The International Chamber of Commerce said it backs EU and US moves to coordinate global governance of the Internet, and issued a warning against fragmented regulation.
The Paris based ICC has handed a set of guidelines on electronic commerce to European IT and telecomms commissioner Martin Bangemann. It believes this market will reach $20 billion in value by 2000.
ICC secretary general Maria Livanos Cattaui said: "There is an evident danger that fragmented regulation by national governments could severely hamper the development of a marketplace in cyberspace."
The guidelines were delivered to Bangemann yesterday by a group from 100 European companies led by ABN-Amro Bank's Jaap Kamp, who urged Bangemann to work closely with business on this issue.
The group recommended an architecture for electronic commerce; standards for product information and marketing; the exchange of legally binding documents; payments systems; and rights and responsibilities in the electronic marketplace, it said.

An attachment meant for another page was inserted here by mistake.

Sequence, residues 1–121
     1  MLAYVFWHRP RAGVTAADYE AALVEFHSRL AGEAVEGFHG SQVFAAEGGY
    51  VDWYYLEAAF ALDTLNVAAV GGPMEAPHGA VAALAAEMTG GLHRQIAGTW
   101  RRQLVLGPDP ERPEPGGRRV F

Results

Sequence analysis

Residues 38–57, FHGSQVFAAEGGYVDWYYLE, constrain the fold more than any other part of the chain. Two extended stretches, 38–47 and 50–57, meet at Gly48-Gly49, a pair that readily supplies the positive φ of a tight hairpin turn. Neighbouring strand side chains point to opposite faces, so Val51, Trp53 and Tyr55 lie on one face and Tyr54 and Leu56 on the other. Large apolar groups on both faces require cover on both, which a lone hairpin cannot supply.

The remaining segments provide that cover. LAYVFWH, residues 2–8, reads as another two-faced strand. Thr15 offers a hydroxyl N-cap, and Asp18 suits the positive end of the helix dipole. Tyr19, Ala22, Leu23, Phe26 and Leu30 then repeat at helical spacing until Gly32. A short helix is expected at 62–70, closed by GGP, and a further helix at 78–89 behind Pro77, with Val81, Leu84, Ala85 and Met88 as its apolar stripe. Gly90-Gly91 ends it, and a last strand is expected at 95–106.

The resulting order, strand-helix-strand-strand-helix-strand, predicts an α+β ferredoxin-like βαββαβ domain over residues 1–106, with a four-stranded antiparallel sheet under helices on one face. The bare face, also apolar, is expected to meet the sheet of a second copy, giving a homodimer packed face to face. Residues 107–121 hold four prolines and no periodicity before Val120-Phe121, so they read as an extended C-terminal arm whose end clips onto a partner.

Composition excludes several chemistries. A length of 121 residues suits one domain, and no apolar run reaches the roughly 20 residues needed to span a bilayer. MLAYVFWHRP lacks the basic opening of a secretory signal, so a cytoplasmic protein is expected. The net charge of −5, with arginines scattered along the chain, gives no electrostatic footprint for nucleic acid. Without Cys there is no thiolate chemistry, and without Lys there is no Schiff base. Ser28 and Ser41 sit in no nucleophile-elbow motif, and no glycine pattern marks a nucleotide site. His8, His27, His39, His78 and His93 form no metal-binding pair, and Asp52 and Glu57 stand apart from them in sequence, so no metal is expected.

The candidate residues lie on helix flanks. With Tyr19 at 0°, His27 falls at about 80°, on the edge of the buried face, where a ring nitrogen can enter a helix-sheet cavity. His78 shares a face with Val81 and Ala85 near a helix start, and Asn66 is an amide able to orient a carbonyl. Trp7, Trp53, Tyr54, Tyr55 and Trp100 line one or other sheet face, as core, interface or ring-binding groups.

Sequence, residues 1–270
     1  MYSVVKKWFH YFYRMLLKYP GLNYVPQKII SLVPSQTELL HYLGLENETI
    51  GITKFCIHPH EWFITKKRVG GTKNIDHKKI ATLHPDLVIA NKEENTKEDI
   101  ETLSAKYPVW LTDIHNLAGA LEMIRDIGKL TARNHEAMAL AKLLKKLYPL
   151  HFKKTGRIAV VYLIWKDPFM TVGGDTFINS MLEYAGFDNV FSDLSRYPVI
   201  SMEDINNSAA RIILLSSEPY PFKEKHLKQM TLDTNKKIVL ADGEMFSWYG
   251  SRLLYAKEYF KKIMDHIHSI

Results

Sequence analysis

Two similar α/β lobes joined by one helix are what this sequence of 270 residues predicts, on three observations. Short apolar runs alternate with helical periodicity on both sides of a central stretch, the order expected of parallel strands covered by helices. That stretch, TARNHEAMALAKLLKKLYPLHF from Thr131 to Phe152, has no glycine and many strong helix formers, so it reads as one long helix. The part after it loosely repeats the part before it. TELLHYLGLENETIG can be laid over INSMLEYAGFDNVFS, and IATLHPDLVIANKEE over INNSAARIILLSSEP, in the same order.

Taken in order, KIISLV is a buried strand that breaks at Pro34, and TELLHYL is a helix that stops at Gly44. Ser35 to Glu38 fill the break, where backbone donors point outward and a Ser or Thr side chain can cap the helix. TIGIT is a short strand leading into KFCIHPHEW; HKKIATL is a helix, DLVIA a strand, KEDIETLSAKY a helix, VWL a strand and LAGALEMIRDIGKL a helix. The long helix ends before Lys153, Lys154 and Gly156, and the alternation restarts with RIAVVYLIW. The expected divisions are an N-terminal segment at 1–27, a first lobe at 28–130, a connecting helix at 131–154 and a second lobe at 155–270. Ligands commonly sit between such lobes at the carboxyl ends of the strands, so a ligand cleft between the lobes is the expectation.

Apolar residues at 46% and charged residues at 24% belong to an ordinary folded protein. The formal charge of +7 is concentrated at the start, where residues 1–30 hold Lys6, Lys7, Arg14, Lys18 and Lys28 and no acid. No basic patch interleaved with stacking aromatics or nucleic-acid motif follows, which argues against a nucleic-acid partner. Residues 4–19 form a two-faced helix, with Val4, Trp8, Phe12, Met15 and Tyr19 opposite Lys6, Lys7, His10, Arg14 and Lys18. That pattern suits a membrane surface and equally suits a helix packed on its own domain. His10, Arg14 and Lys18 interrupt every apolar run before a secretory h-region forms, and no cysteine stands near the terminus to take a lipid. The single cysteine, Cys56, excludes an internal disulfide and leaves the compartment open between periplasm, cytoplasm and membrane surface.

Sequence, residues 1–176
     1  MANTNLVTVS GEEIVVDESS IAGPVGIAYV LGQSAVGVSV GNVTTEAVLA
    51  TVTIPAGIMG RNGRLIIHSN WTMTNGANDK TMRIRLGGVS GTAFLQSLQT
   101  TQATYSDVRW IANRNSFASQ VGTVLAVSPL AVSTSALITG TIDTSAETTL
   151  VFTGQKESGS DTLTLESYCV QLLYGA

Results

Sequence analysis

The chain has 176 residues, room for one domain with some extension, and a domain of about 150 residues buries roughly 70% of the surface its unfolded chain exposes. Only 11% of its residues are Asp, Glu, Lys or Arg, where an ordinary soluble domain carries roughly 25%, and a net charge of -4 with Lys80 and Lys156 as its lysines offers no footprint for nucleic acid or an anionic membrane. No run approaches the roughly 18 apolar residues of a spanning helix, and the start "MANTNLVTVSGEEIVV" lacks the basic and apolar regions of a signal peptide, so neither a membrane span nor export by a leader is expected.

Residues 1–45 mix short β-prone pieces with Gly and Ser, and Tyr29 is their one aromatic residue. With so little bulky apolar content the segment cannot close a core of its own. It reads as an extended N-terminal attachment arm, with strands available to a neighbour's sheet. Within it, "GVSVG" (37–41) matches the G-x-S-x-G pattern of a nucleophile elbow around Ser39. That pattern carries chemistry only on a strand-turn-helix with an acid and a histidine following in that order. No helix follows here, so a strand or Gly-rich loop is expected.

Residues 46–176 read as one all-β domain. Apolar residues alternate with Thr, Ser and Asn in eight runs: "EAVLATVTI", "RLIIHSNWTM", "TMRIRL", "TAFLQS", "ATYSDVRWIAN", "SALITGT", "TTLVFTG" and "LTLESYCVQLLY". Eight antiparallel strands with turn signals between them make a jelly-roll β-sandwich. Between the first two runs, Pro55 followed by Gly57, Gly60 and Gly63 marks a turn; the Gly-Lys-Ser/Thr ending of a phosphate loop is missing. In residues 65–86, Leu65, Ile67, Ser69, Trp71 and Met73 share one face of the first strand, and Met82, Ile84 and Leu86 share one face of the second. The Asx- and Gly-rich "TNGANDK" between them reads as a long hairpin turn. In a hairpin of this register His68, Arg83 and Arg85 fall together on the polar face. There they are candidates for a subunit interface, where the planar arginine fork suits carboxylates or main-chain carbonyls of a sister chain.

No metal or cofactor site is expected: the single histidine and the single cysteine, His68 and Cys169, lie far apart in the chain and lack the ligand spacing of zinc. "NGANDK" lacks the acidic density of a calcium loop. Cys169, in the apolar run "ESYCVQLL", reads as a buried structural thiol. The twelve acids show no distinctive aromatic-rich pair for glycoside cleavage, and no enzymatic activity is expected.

The Kamp report urges governments to adopt a "minimalist" approach to regulation, focusing on removing barriers, implementing competition and enforcing intellectual property rights.
The ICC has already issued guidelines for ensuring trustworthy digital transactions over the Internet and is working on a global Internet advertising code, due to be published in April.
Other projects in the pipeline include model electronic sales contracts, legal solutions for privacy protection dispute resolution and rules for electronic trade.
Cattaui said the OECD's ministerial meeting on electronic commerce in Ottowa in October would be "crucial" in making global governance of the Internet a reality.
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